Everything happens for a reason. That’s not a maxim automatically associated with villains and their villainous ways. The miniseries “Villains United”, written by Gail Simone with art by Dale Eaglesham (and Val Semeiks on issue three), has villains battling villains in an intelligent and calculating way, with a grand scheme that will leave the reader shocked once they reach the end. When the story opens, Lex Luthor has dastardly cohorts, such as Calculator, going to various baddies in order to recruit them as members of the villainous Secret Society. Luthor believes that, when they are all united, they can be a much more powerful force. Most of the people they approach sign on to Luthor’s mission, but the first individual we encounter that emphatically says “No” is Catman. Instead, he, along with five other recruits, agree to be a part of a group dubbed the Secret Six that has a mysterious benefactor who goes by the name of Mockingbird. Besides Catman, the rest of the members include Scandal (daughter of Vandal Savage), Deadshot, Cheshire, Parademon, and Ragdoll. Each have compelling personal histories that Mockingbird uses to his advantage: he demands they belong to his group or he will destroy someone close to each of them. In order to control the group, he gets personal.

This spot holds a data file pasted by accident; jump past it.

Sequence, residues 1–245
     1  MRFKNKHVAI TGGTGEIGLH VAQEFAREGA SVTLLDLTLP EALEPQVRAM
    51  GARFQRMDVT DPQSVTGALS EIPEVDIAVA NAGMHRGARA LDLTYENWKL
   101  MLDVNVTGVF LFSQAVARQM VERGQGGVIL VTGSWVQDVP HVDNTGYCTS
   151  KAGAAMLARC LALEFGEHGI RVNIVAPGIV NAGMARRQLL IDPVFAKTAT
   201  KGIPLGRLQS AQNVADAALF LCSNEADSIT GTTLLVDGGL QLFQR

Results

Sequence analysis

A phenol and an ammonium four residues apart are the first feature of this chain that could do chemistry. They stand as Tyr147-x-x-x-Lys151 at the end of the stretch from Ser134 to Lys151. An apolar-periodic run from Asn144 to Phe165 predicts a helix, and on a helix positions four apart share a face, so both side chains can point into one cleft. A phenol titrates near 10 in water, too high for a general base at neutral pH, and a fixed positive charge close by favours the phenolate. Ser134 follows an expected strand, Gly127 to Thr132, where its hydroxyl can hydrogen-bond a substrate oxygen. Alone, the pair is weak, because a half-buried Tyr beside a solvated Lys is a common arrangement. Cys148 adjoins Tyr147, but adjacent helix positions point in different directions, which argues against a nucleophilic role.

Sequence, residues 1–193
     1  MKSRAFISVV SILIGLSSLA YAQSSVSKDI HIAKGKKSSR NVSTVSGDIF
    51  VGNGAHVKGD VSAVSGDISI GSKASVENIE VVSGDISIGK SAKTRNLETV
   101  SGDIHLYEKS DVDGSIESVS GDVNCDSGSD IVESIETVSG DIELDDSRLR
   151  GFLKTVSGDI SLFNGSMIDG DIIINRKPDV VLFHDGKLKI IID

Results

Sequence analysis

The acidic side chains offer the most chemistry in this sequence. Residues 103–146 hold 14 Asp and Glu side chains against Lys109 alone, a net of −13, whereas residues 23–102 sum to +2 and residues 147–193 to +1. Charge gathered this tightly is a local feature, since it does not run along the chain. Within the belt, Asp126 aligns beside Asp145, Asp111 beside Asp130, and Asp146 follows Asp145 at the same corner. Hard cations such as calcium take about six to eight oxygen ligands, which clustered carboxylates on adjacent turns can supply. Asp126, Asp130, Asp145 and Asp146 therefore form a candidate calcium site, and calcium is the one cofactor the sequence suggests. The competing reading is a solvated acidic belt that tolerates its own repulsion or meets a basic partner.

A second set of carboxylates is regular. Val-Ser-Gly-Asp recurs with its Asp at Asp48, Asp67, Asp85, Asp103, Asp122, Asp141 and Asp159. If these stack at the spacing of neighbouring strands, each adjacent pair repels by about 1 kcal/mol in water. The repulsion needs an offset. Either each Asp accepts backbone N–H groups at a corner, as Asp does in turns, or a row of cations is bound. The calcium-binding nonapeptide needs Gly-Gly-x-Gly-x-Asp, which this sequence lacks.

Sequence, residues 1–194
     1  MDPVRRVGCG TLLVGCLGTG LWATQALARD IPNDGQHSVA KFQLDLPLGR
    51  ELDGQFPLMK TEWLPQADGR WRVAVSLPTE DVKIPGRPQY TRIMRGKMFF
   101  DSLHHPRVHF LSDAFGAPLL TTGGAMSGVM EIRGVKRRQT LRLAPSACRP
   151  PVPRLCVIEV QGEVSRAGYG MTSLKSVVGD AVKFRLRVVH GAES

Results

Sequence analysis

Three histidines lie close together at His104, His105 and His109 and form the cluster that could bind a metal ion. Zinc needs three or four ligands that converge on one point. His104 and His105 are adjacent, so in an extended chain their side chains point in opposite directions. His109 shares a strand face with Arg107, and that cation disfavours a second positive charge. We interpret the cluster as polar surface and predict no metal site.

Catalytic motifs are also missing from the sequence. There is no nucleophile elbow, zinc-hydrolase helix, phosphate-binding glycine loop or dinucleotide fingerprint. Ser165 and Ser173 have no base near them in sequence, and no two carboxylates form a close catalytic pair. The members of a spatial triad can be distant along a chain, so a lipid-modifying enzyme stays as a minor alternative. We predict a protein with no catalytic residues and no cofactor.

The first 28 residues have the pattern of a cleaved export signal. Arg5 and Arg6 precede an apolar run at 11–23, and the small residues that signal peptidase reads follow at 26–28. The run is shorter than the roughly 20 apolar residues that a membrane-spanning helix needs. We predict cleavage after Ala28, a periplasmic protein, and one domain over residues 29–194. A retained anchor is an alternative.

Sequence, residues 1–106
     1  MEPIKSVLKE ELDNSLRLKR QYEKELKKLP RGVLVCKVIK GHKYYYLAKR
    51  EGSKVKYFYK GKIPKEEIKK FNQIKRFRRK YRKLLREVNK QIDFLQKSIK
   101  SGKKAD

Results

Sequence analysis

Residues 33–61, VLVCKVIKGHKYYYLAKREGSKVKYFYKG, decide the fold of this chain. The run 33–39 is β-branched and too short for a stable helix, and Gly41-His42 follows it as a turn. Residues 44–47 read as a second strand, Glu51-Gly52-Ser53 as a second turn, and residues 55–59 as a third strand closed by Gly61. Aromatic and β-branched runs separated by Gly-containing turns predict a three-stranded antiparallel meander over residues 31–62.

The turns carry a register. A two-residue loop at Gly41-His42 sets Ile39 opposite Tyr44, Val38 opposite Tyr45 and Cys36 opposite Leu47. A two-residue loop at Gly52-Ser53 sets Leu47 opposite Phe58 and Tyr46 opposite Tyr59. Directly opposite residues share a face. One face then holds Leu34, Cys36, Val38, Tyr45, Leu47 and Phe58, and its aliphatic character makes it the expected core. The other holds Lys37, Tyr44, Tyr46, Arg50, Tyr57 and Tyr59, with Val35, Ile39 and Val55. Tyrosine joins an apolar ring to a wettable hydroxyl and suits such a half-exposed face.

Underhanded schemes, treachery, and action abound alongside loyalty and love between the rogue members of the Secret Six (as well, at times, with the Society). Seeds are planted throughout the story that are revisited in shocking ways, demonstrating the prowess and intricacy of Simone’s writing. She makes it seems easy by writing a story that flows naturally, being able to juggle multiple characters and making us care about (some) bad guys. Humor is sprinkled throughout each issue, showing that a book about evil machinations doesn’t have to be completely dank and dour. The classically simple and clean style of Eaglesham and Semeiks’ art (with the help of Wade Von Grawbadger’s inks and Sno Cone’s colors) complements Simone’s writing style. This is an old-fashioned yarn of villainy that includes themes of deception, intrigue, and mystery that are used to great effect by the marriage of witty, quick-paced writing and larger than life art.